“Man is born free, but everywhere is in chains.”1 Or is he?
In running, too, I have seen, you all have seen, the change in technique. Imagine, my gymnastics teacher…taught me to run with my fists close to my chest: a movement completely contradictory to all running movements; I had to see the professional runners of 1890 before I realized the necessity of running in a different fashion. (Mauss, Techniques of the Body, 73).
Surprisingly, this anecdotal passage is emblematic of Marcel Mauss’ views in Techniques of the Body. The reader undergoes a progression that mirrors Mauss’ general argument. Although at first glance this passage and Mauss’ piece as a whole appear to be arguing a behaviorist mentality that individuals are passive receptacles to the external environment – all nurture, no nature – upon deeper inspection Mauss’ perspective becomes far more nuanced: he argues what makes an individual unique is rarely individual creation, rather primarily the social element – the ability to choose to immerse oneself in, and therefore be shaped by, different environments. Mauss’ experience with running will be examined as evidence, exploring first the possibility of misinterpretation, second Mauss’ capability to reform old habits, and third the subtle reference to choice and the social element that drives individuality. In terms of innovation, Mauss’ model breaks down, the errors of which will be detailed and the implications on individuality will be explained.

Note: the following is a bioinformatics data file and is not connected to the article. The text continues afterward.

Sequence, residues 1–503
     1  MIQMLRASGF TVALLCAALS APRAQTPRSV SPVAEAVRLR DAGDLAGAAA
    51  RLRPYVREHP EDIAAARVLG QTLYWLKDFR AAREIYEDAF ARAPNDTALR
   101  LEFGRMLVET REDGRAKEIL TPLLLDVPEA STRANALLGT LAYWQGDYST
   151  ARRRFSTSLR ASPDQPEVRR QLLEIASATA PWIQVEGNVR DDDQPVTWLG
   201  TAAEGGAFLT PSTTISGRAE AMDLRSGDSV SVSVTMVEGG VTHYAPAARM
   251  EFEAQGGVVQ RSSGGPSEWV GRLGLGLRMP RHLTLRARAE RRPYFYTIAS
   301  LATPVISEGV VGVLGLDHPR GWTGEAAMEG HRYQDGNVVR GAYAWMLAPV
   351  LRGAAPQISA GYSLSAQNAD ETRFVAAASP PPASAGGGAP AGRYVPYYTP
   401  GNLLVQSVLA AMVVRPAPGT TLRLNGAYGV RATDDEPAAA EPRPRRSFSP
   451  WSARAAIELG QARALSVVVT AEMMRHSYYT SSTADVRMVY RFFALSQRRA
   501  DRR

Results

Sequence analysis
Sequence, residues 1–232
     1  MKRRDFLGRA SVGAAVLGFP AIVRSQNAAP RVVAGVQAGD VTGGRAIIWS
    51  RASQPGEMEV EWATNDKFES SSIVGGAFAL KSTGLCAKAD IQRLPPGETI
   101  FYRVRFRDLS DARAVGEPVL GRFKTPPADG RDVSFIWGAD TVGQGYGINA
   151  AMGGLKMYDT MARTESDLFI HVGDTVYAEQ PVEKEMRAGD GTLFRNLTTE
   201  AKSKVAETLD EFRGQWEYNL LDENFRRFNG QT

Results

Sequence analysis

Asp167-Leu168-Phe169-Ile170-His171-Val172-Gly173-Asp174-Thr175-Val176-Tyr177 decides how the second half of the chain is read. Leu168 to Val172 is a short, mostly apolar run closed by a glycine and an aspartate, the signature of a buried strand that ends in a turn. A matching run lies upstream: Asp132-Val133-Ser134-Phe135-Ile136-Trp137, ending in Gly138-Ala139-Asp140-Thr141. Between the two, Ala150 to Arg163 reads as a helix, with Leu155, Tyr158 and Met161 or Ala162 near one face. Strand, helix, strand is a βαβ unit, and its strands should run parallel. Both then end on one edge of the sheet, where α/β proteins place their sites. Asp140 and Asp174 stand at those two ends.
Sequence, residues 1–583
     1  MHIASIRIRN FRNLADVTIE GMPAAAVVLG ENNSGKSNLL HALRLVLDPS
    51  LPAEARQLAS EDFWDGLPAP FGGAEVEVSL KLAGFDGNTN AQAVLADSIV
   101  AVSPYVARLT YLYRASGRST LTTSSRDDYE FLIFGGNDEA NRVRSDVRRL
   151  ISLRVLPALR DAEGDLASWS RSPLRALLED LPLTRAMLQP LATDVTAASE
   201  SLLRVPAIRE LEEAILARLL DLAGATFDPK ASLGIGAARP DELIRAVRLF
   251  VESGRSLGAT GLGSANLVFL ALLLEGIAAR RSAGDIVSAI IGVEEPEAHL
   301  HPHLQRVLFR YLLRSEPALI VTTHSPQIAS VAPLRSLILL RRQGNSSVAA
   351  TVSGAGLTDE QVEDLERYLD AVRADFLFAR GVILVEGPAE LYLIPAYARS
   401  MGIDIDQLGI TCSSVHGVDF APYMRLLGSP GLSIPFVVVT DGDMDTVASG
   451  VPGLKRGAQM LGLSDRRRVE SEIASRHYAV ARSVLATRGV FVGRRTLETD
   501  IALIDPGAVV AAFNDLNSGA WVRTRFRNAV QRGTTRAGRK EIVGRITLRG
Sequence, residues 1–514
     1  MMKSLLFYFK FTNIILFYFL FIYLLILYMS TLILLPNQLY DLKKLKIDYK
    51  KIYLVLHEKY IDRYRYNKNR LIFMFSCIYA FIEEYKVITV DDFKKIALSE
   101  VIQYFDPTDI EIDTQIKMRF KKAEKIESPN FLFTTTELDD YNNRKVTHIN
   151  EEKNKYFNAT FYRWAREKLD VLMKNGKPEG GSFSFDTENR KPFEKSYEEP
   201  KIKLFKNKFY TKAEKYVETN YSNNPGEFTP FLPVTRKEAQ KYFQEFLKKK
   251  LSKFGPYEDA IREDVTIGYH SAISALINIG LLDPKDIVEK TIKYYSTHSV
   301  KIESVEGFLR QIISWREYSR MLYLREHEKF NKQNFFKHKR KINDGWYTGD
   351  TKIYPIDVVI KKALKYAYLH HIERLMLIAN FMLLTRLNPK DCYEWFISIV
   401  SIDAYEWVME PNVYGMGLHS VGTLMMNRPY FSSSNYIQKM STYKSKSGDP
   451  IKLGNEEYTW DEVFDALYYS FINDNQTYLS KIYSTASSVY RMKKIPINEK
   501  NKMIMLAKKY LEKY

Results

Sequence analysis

A cursory study of the text leads the reader to believe that Mauss is a simple behaviorist, that there is no dividing line between man and animal. When looking at Mauss’ experiences with running, for example, it seems that Mauss adopted the behavior he was taught. “My gymnastics teacher…taught me to run with my fists close to my chest: a movement completely contradictory to all running movements.” (Mauss, 73). Mauss says it himself: the movements he learned were “contradictory” and unnatural. It...
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